kev, be sure to eliminate the telephone wiring and extensions in your own home, before reporting the fault. If BT Openreach finds your internal wiring or equipment is to blame, if only in part, it could charge you £130 call-out fee.
So maybe connect your modem-router directly to the test socket of your main linebox. The test socket is revealed by unscrewing and pulling out the lower half of the face plate to the linebox. Using the test socket should disconnect all internal wiring.
Good luck at getting it fixed, kev.
The moderators of the forum have been informed of your problem. Once they have read this they may be able to help. They are a BT UK based team and if they can help they will reply via this thread asking you to contact them via a link. Once you have replied to them by the link, it can at present take up to five working days for them to re-contact you.
Hopefully, if it was Openreach who fitted a genuine 'interstitial faceplate' then maybe they installed it properly? No guarantees of course; many of BT's outsourced contractors who do this work seem to have little training nor interest in getting it right.
Though you can still remove that interstitial faceplate to reveal the test socket behind it. You would also need a BT to RJ11 lead to perform that test; I usually borrow the lead from a landline phone. That lets you 'go commando' - connecting the modem directly to the test socket - without even using a micro-filter. Sometimes those filters do go faulty, even the one in the interstitial faceplate. So you could eliminate that problem too by doing this test.
Persuading Openreach that there is actually fault beyond your home, and that you aren't just imagining it is quite hard. Just because their two minute test efforts show up no fault found (NFF) doesn't mean a lot.
Ideally you would beg, borrow or steal an EXFO or JDSU tester. That is the test equipment that competent BT engineers use to locate a high resistance joint fault, if that's what you've got. Is there a friendly engineer nearby who could bring his EXFO and perform a TDR (time domain reflectometry) test for you?
Maybe, after eliminating your own wiring and equipment as the cause, demand that the next engineer does perform a TDR test. And get him to show you the results; it's only a simple line graph with blips on it. Get him to identify the nice juicy 'blip' of the DSLAM transceiver on the graph. If he can't do that, he shouldn't be doing the test. On that TDR graph, except for the DSLAM 'blip' at the end, it should otherwise be a smooth-ish line. Every graph blip that there is indicates a potential 'issue' in the metallic path between you and the DSLAM. And your issue sounds like a high resistance (HR) joint, which should show up clearly as big unwanted 'blip' on the graph. Those HR joint faults usually occur at the Distribution Point (DP), where the D-side binder is spliced to the drop-wire that runs into your home. Joint faults here are especially common where the DP is mounted at the top of a pole, where the weather gets to it.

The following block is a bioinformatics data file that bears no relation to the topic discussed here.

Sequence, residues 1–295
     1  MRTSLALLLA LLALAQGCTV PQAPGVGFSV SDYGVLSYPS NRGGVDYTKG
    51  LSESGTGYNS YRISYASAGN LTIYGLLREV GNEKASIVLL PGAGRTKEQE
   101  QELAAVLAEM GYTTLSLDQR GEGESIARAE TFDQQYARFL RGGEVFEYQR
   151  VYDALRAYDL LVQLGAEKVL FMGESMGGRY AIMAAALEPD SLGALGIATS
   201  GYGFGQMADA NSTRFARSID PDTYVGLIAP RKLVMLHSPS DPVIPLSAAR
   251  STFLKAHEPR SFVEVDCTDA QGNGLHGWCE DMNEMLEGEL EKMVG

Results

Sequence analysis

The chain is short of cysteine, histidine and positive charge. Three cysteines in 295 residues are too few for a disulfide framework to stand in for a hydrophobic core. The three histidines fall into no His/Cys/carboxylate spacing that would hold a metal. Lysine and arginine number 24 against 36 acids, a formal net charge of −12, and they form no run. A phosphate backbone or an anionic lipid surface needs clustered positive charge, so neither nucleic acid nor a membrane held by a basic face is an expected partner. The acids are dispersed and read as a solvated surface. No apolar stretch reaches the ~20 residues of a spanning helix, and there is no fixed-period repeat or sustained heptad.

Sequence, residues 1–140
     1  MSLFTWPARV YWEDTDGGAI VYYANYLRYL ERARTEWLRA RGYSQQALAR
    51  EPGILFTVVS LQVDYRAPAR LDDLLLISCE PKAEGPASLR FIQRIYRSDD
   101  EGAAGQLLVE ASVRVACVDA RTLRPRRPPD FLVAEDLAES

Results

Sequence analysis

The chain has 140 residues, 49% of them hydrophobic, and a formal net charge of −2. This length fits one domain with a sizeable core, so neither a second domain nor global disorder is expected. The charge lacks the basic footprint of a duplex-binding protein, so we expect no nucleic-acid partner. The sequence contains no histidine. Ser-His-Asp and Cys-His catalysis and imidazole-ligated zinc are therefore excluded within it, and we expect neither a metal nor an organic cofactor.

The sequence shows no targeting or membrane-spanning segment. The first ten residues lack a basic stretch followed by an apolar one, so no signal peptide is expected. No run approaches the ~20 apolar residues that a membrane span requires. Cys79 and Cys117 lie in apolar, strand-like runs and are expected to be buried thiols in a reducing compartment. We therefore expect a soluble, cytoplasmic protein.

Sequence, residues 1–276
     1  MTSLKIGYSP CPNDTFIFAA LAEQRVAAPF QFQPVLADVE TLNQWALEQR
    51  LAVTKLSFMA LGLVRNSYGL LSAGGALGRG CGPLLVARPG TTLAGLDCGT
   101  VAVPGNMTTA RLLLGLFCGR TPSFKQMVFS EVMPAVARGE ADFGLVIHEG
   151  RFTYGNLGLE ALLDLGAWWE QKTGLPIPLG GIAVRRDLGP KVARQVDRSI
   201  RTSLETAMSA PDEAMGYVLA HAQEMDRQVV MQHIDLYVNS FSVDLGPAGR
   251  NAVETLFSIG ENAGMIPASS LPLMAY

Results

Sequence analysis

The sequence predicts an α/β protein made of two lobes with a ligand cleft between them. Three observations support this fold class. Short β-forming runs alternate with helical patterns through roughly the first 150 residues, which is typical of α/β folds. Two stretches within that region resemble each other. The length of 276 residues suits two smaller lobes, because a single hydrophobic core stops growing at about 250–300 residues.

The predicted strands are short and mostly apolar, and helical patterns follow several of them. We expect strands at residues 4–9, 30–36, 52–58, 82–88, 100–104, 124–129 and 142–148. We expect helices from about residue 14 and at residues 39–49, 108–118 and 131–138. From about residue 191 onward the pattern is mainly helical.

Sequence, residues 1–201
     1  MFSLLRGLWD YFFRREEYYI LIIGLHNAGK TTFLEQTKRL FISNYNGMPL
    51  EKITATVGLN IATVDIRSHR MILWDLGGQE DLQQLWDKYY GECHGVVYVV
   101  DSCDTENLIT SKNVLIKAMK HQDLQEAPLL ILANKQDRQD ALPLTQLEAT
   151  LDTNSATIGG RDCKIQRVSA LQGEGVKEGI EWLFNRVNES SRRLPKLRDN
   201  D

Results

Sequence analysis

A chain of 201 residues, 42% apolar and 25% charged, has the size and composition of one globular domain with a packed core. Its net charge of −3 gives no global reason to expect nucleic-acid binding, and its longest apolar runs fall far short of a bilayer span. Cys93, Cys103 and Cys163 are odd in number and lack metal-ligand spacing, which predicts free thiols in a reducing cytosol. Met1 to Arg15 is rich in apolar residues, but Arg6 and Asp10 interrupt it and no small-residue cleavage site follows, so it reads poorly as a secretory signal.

... or just wait until the moderators contact you and they will probably arrange for an engineer to visit and carry out all these test for you.
If I do again for the 3rd time I can't afford to be charged £130 for the call out.
First visit fault found and fixed
Second visit: Nothing found (still waiting to see if I been charged for that)
If nothing is found this time I risk of being charged twice! if not once
Third time lucky, maybe? If not, perhaps you can bill BT for all the time you've taken off work, for their engineers to attend, only to report "no fault found".
Sorry for the problems you have been having.
I can have this fully investigated for you to see if we can get a resolution. Send me an email using the contact the mods link in my profile.
Well BT have gotten in touch with me. Im not happy with what they've said.